At Qualcomm's CES press event, CEO-elect Steve Mollenkopf took the stage to share his optimistic -- and perhaps a slightly surprising -- vision of 2014. The exec believes that as OSes are becoming more robust and feature-rich, phone makers like Nokia, Samsung, LG and Sony will make a second coming in the tablet market. This becomes an opportunity for Qualcomm and carriers to cash in, with the latter coming up with more innovative and creative ways to bring in more subscriptions, such as by selling the smartphone and the tablet as a pair. Mollenkopf also name-dropped the Amazon Kindle HDX and the Nexus 7 tablets, which are all powered by his company's Snapdragon chips.

"Remember, we look at the market as a long game, so when we look at OSes and how they're doing and how we're progressing, we can be nothing but pleased with how we think that's setting up long term," Mollenkopf said.

Much like how smart wearables -- including Qualcomm's own Toq -- are just becoming a trend, cars in general are also still in the phase of trying to get connected, said Qualcomm's ex-COO. Despite its absence in the recently formed Open Automotive Alliance (which is joined by rival NVIDIA), the chip giant thinks it can bring its connectivity expertise to the automobile industry, which is what the recently announced Snapdragon 602a aims to achieve.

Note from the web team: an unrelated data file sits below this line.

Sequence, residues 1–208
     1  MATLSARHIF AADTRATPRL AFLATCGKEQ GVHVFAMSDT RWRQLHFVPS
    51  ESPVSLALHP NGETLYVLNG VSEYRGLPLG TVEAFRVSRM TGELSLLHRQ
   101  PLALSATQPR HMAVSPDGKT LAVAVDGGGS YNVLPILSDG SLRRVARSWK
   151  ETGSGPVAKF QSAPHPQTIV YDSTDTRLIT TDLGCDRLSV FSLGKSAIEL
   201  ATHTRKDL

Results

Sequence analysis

"The next phase is the car is going to not only get connected to the internet, but it's going to be connected to other cars, and it's going to be doing a lot more sensing on what's going on in the environment, and making decisions as to what it's going to do. In order to do that, it needs to embrace technologies that are very similar to what you have in high-end smartphones."

Mollenkopf assured us that Qualcomm's not done with smartphones yet, though. The exec's still seeing rapid development in the emerging markets in terms of features, though he didn't give an indication on when 64-bit mobile processing -- as supported by the entry-level Snapdragon 410 -- will become mainstream. Let's not forget that there's also full-on LTE deployment in China this year, which Mollenkopf said he's keen to be a big part of.